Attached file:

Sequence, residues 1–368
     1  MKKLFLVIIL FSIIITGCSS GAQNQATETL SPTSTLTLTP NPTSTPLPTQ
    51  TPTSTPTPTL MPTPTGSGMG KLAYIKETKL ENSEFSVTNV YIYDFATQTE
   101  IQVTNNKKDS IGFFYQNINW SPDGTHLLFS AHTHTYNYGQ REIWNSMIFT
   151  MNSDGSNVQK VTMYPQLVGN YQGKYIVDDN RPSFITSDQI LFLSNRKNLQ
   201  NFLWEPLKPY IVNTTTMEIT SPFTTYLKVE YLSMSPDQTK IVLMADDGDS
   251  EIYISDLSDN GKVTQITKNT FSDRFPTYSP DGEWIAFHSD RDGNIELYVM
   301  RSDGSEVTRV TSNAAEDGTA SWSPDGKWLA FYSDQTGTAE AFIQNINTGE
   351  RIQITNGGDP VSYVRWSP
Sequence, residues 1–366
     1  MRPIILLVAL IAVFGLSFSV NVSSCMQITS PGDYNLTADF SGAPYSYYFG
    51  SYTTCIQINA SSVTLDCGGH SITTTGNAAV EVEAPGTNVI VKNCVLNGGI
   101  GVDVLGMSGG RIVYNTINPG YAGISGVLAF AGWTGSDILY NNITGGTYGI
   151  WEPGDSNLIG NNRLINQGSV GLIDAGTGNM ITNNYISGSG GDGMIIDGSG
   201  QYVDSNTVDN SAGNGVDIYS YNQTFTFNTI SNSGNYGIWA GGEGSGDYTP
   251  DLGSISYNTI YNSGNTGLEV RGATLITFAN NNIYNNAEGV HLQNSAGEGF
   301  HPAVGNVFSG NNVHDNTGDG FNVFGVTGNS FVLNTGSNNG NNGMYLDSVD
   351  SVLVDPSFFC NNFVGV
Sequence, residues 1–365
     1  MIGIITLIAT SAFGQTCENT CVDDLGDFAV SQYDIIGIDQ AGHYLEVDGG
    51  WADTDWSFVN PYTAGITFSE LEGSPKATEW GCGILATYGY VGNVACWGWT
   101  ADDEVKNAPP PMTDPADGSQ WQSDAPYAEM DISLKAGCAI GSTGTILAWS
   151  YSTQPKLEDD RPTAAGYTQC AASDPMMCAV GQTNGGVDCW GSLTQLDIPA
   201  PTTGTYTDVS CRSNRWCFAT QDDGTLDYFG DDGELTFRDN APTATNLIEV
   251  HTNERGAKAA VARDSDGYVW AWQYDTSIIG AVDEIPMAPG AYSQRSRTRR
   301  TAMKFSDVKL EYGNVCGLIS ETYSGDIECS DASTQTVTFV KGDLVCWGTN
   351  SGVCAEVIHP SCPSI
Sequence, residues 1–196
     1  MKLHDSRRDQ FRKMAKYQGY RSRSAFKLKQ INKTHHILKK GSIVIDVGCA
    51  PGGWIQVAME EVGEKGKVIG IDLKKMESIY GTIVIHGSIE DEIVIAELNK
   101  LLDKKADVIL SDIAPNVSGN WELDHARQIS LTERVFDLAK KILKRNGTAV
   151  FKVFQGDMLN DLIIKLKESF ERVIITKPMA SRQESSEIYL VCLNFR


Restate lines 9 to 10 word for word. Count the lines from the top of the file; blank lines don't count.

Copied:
   351  RIQITNGGDP VSYVRWSP
Sequence, residues 1–366